FILE - Service Employees International Union SEIU

The Dupont Circle headquarters of the Service Employees International Union.

(The Center Square) – Seven California home health care providers have appealed their class action lawsuit, Polk v. Yee, to the Ninth Circuit Court of Appeals. The plaintiffs are asking the court to rule that the SEIU Local 2015’s practice of deducting union dues from Medicaid payments from private employees without their knowing consent and imposing deduction restrictions are unconstitutional.

They are also seeking refunds for the money the union took out of their paychecks.

The plaintiffs argue that the SEIU Local 2015 union has been skimming union dues from Medicaid payments from providers without their consent, and also prohibited them from stopping these deductions outside of a short “escape period.”

Represented by the National Right to Work Foundation (NRWF) and Freedom Foundation, they argue the union's and state’s plan violate their First Amendment rights and federal law governing Medicaid.

“Unfortunately, the hard-working caregivers in this case are not the only ones being victimized by unions like SEIU,” Eric Stahlfeld, Freedom Foundation chief litigation counsel, said in a statement. “Our research shows that states like California illegally divert $150 million each year to unions from 350,000 caregivers’ Medicaid payments.”

The seven plaintiffs are caretakers of disabled individuals under the In-Home Support Services (IHSS) program, and received Medicaid subsidies for providing services. The plaintiffs maintain that SEIU officials are breaching their rights under the Supreme Court’s rulings in the NRWF-won cases Harris v. Quinn (2014) and Janus v. AFSCME (2018) by siphoning dues from the Medicaid payments without their knowing consent and restricting the time in which they can cut off these deductions.

In Harris, the Supreme Court ruled that unions contravene the First Amendment when they force home health care providers who receive some subsidies from the state to pay union dues.

In Janus v. AFSCME, the U.S. Supreme Court held that no public sector employee could be forced to subsidize union activities as a condition of employment, and that government agencies can only deduct union payments from a public worker’s wages with an affirmative waiver of his or her First Amendment right not to pay. It ruled, “neither an agency fee nor any other payment to the union may be deducted from a nonmember’s wages, nor may any other attempt be made to collect such a payment, unless the employee affirmatively consents to pay.”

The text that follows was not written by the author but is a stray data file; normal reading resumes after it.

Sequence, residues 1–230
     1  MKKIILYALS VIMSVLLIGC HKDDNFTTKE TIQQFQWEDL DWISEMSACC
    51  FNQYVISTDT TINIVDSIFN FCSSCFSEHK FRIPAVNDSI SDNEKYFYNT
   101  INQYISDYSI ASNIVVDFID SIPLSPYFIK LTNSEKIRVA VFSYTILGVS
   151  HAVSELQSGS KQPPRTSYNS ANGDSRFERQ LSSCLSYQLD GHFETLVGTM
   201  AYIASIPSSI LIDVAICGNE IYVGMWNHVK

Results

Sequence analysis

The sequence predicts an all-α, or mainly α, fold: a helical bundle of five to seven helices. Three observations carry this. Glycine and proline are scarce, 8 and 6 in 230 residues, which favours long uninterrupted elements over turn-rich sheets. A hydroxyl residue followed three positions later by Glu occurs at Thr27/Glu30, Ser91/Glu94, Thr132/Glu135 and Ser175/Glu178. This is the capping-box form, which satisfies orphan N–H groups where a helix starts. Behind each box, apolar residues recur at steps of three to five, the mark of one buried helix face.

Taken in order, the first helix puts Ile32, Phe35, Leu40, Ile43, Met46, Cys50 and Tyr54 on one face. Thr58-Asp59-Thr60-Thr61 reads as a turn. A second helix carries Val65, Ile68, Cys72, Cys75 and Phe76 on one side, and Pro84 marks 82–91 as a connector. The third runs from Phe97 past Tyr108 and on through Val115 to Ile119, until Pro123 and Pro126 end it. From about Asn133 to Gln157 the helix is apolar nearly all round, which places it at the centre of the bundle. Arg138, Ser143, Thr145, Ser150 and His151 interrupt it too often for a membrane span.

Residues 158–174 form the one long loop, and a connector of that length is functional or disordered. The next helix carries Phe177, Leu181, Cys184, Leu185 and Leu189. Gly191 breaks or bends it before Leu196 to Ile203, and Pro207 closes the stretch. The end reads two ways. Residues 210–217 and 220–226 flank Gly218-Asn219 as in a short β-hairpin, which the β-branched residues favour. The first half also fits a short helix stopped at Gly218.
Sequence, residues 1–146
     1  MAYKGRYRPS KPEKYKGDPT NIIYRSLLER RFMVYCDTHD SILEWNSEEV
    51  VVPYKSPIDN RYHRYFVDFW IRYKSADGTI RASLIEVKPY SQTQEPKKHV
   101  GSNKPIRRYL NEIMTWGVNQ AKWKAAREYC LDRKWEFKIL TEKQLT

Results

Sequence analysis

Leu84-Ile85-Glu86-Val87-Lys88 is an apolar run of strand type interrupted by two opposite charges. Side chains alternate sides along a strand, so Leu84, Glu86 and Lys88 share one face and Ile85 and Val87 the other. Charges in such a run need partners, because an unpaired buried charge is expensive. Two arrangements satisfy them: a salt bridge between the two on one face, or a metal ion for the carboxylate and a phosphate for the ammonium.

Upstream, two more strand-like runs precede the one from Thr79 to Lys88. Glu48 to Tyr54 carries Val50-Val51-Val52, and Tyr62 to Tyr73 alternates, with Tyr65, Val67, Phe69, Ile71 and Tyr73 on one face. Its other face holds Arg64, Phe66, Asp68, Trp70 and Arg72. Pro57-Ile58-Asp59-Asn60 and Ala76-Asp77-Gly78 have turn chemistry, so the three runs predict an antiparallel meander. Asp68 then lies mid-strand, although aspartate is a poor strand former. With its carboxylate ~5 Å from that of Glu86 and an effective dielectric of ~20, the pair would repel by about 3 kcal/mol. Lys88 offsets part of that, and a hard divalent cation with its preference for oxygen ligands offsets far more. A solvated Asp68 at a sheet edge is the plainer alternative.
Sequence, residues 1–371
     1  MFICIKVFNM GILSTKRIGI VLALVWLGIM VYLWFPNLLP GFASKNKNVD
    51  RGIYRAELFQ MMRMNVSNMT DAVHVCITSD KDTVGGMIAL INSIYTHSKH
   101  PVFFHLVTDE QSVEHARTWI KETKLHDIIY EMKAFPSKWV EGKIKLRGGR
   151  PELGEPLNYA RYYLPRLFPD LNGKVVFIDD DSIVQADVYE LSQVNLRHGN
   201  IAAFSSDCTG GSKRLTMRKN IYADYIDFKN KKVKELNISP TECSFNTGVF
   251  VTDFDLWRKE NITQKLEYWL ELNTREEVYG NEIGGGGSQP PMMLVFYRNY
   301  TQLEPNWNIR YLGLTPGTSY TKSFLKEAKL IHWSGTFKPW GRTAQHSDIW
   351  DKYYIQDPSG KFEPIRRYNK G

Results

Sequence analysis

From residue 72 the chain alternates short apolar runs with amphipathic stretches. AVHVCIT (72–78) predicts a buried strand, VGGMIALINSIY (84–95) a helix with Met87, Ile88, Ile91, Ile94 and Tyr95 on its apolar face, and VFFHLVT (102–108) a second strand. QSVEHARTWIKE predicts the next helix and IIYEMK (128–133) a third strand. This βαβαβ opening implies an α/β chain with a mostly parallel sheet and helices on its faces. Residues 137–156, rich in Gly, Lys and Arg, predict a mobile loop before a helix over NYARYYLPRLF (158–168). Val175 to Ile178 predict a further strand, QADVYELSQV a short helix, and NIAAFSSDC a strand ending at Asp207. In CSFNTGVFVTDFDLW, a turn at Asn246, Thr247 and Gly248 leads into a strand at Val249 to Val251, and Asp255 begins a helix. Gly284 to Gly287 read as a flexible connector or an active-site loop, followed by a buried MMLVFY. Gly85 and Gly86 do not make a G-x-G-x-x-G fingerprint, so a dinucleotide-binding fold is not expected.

The plaintiffs, Delores Polk, Heather Herrick, Lien Loi, Peter Loi, Susan McKay, Jolene Montoya and Scott Ungar all participate in the In-Home Support Services (IHSS) program, which allots Medicaid funds to those who provide home-based aid to people with disabilities. Their complaint states that “even though they are not public employees,” the state of California considers home health care providers for unionization purposes and takes union dues from them at the behest of SEIU officials.

It also states that federal law governing IHSS prohibits diverting any part of Medicaid payments to “any other party” besides the providers.

“It is unconscionable that SEIU union bosses are siphoning money out of these providers’ pockets merely because those they aid inside their own homes happen to receive state subsidies for their care,” NRWF president Mark Mix said in a statement. “This dues skim scam is a blatant violation of federal law and the Supreme Court’s rulings in Harris and Janus. It must be stopped immediately.”

While the efforts of the Freedom Foundation and NRWF have prompted the state Department of Health and Human Services to formally oppose unions skimming from Medicaid, they have continued to take money out of Medicaid payments. Stopping them from doing so will only happen after federal courts intervene, the foundations note.